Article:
Several resorts are offering new deals, striving for prime conditions and upgrading aprés-ski outdoor courtyards, with the season opening soon for all.
By DEIRDRE FLEMING Staff Writer, Press Herald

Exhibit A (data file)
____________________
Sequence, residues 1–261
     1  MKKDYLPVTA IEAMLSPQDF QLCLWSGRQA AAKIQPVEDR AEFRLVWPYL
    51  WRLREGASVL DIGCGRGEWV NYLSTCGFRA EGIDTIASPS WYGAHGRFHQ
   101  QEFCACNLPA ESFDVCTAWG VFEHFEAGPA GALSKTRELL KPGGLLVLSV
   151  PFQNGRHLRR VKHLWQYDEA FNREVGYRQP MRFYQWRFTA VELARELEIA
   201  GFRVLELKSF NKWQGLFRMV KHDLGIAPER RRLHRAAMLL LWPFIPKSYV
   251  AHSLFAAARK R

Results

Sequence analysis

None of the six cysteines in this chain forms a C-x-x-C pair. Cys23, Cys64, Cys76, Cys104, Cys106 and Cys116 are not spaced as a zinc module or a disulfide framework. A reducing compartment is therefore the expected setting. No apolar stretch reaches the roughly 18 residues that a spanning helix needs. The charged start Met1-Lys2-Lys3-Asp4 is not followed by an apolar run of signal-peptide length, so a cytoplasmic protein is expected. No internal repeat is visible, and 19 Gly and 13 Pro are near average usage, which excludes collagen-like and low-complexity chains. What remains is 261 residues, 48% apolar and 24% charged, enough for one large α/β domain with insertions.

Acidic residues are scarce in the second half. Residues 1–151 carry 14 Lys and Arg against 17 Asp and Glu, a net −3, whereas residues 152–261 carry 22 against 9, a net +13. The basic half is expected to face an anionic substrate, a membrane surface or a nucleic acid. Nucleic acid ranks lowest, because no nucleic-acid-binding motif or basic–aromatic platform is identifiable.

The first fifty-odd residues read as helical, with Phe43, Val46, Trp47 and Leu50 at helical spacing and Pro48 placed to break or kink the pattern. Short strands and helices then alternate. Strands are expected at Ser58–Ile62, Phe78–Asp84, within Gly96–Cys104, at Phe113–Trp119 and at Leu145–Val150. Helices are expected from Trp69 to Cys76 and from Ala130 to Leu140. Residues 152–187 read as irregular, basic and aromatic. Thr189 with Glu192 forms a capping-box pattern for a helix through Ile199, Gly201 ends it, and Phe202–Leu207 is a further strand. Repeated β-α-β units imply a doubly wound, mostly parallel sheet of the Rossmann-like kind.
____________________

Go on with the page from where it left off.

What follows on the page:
At Alpine ski areas across Maine, it’s clear the pandemic is in the rearview mirror heading into this winter, given significant upgrades, ticket discounts and even plans for live bands to return to lodges. In an effort to draw more skiers and snowboarders, several resorts are striving to make snowmaking more effective in warmer temperatures, offering more deals to lure newbies, and upgrading aprés-ski outdoor courtyards. After an unusually mild fall, few ski areas are setting target opening dates. But in general, the mid-sized and smaller mountains are shooting for Christmas vacation week, while the bigger resorts started testing their snow guns last week with the goal of opening soon. Sunday River in Newry was the first to open last week. Here is a look at what’s new at some of the most popular Alpine ski areas around the state: SADDLEBACK, which opened on Friday, continues to add new infrastructure three years after it was purchased and reopened by the Arctaris Impact Fund, which has invested $30 million in the Rangeley ski area. Saddleback added the Sandy Quad that services the Wheeler Slope and is in the process of finishing the $4 million, 2,700-square-foot mid-mountain lodge. The restaurant is expected to open later this winter and seat about 70. In addition, Saddleback is building tiny houses that will offer more affordable rentals for guests. As many as 60 of the 500-square-foot cabins will come online next winter, but a few demo models can be seen now. One located outside the base lodge was converted into the new outside bar: Sneaky Pete’s. Saddleback also added on-mountain employee housing that has slope-side access. The Saddleback House apartments will offer about 60 beds in December and about 40 more next year. “The fact it is right off a ski trail is unique. There is not a lot of housing of its kind anywhere in the country,” said Molly Shaw of Saddleback’s marketing team. Snowmaking upgrades also continue at Saddleback. SUGARLOAF in Carrabassett Valley added 100 low-energy snow guns and a new pump house on the west side of the mountain to allow for more snow-making earlier in the season. A new T-bar opening later in the winter on Competition Hill means that during Alpine competitions, athletes will get up to the start gates faster – and decrease traffic on other lifts. And after three years of pandemic holdups, entertainment returns to the Widowmaker in the Base Lodge with a full schedule of latenight bands. In addition, the popular “Beach” courtyard outside the lodge is getting a facelift, with a retaining wall and steps down from the ski trails to keep the area in the courtyard around the fire pit dry and free of snow. SUNDAY RIVER, as usual, was the first ski area in Maine to turn the chairlifts on this year when it opened trails on a few peaks last week for season-pass holders. This weekend, the lifts are available for those purchasing daily tickets. The ski area added an eight-person bubble lift in the Jordan Bowl and invested in additional snowmaking equipment by replacing nearly 3 miles of snowmaking pipe and installing 26 new fan guns and 111 tower guns. A new snowmaking booster pump house was constructed at the North Peak to allow for more snow distribution to the western peaks and double the snowmaking capacity in the Jordan Bowl. And for the first time, the ski area, in partnership with The River Fund nonprofit, will offer a season-pass scholarship program for area students that allows kids to apply for a free ski pass. PLEASANT MOUNTAIN in Bridgton returned to its original name – dropping the name Shawnee Peak after 34 years – after it was acquired by Boyne Resorts in October 2021. Now as part of the Boyne family, Pleasant Mountain’s unlimited season pass holders can also ski a total of three days at Loon in New Hampshire, Sunday River or Sugarloaf (not three days at each). Pleasant Mountain added an outdoor courtyard a few steps down from Blizzard’s Pub to increase outdoor seating with about 15 picnic tables after it proved popular during the pandemic. “As the pandemic slowed, the desire for outdoor seating didn’t slow. For some people, it’s now their preference,” said Rachael Wilkinson, the director of skier experience at the mountain. LOST VALLEY in Auburn has upgraded its snowmaking system, including with bigger feeder pipes to allow for more water to be converted to snow. Some of the 22 trails were widened and the nine glades were cleared to provide for a larger area to get blanketed. And new this winter: Lost Valley will host an ice-cross competition on Feb. 11 to showcase a hybrid sport that is a cross between ice skating and ski racing. Lost Valley also partnered with L.L. Bean to offer $20 lift tickets on Tuesdays for discounted skiing from 3 to 8 p.m. MT. ABRAM is doing more to make Alpine skiing affordable. The ski area in Greenwood partnered with L.L. Bean for the first time to provide $35 lift tickets on the weekends. On Thursdays (excluding school vacation weeks), the ski area also features Maine Days, when lift tickets cost just $19.60 – as homage to the year the ski area was founded. The ski area, in partnership with the nonprofit Friends of Mt. Abram, will provide 300 students in the local school region a free season pass – an increase from last year’s allotment of 226 season passes for area youth. “For us, the biggest thing is being a community mountain. With the rising cost of everything, we don’t want people to be stuck inside without doing anything outside,’ said Zach McCarthy, Mt. Abram’s communications director. BLACK MOUNTAIN OF MAINE already had more than 50 glade zones, but added five more that cater to beginner tree skiers. “The head of the Angry Beavers (volunteer glade crew) would never exaggerate. He said it offers something for all abilities,” said Deanna Kersey, the Black Mountain of Maine spokeswoman. The ski area also added a handtow at the beginner slopes to make lessons more productive and less intimidating. And deals are on tap at the Rumford ski area, as well. In partnership with L.L. Bean, Black Mountain offers free snowshoeing all winter and lift tickets will be just $15 on Thursdays and $25 on Fridays (except during school vacations). The first 25 to check out a set of snowshoes and poles each day can do so for free. And free ski nights return on select Wednesdays starting Jan. 25. Black Mountain, in partnership with Gorham Bike and Ski, also will provide season passes for free to the first 500 children aged 10 and under who apply. Deirdre Fleming — 207-791-6452 email@example.com Twitter: @FlemingPph